In November I spoke at an excellent event organised by Thinkbox called 'Blind Data: How to navigate to data you can love'. However, rather than just looking to the clients to do this, perhaps, as one of my interviewees put it, the media research industry needs its own promotional body, a 'Research Advertising Bureau' to get its message over, just at Newsworks, Thinkbox and RAB do for their industries.
However, getting the message across won't be easy.
Too much of what is coming out of media research at the moment about Big Data is too reactionary, too defensive; it's talking about what Big Data can't do, or how scary it is, or personal anecdotes.
We need to talk about the opportunities of Big Data and the strengths of what research can add, advocating consumer centric as opposed to data centric insights. In particular, we need to target the advertisers, very few, if any, of whom attend research conferences in the first place.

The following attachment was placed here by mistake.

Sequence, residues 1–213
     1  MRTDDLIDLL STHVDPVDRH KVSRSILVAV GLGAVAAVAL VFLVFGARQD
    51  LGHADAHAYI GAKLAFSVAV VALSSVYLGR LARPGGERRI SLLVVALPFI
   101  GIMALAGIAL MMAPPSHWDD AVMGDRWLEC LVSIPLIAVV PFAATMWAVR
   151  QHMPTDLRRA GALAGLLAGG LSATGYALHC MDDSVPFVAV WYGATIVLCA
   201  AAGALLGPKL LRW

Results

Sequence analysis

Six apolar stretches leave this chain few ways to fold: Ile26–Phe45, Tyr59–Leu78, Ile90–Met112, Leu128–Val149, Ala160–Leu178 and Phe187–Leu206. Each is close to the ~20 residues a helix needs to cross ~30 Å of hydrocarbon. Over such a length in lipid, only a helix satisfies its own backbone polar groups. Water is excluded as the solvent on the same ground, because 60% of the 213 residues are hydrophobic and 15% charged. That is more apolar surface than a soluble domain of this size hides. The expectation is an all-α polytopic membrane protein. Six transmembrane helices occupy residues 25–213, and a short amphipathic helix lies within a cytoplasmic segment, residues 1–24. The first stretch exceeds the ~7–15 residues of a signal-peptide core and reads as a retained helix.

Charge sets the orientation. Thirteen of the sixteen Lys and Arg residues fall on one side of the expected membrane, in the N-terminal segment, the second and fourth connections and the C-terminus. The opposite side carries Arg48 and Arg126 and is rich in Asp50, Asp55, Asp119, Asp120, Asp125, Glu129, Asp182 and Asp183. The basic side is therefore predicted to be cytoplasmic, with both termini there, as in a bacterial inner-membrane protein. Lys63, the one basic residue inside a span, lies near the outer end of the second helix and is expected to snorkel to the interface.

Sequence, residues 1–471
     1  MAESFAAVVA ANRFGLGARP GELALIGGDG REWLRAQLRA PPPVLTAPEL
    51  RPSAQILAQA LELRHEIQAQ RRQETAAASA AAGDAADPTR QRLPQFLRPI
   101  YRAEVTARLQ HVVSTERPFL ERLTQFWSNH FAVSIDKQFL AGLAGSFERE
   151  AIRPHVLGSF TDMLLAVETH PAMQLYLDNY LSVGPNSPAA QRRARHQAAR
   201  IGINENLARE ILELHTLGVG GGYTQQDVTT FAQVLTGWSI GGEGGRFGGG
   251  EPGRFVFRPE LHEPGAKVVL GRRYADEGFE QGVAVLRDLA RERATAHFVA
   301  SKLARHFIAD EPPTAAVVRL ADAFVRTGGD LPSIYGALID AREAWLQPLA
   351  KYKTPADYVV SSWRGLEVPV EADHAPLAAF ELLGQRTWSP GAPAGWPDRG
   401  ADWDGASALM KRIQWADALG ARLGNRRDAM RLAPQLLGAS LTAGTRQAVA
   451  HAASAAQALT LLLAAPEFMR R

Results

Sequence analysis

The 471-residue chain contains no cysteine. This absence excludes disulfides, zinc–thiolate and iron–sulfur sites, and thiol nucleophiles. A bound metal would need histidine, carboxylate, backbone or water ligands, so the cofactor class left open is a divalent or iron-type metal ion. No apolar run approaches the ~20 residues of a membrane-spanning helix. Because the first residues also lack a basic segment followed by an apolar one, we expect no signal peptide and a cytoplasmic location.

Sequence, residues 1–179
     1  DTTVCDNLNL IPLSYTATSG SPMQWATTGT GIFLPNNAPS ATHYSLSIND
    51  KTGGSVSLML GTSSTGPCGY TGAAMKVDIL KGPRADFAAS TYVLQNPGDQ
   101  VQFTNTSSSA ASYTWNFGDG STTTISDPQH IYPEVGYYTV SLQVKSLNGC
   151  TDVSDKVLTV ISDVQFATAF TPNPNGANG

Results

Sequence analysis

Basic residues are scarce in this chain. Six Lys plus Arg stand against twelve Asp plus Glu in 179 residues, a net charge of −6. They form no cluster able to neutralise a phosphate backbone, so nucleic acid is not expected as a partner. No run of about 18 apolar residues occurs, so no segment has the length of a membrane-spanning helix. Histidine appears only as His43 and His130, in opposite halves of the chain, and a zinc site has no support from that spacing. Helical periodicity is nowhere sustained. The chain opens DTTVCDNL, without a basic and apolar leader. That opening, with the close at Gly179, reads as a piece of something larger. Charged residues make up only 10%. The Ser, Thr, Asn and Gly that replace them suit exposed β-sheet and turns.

The other challenge is one of vocabulary.
Big Data has all the sexy words at the moment: 'real time', 'dynamic', 'targeted', 'granular'. When people try to describe the benefits of research the most common words used are 'reliable', 'representative', 'robust' and 'balanced'.
Putting the sexy back in 'robustness' is going to be a bit of challenge. We need to focus on the user benefits of those words, in terms of the informed decisions clients will make, as opposed to the minutiae of the research process itself.
Media research has a battle ahead to win over hearts and minds. That battle isn't going to be won just by holding debates in Committee Room 12.
Richard Marks is the Director of Research The Media. Find out more here.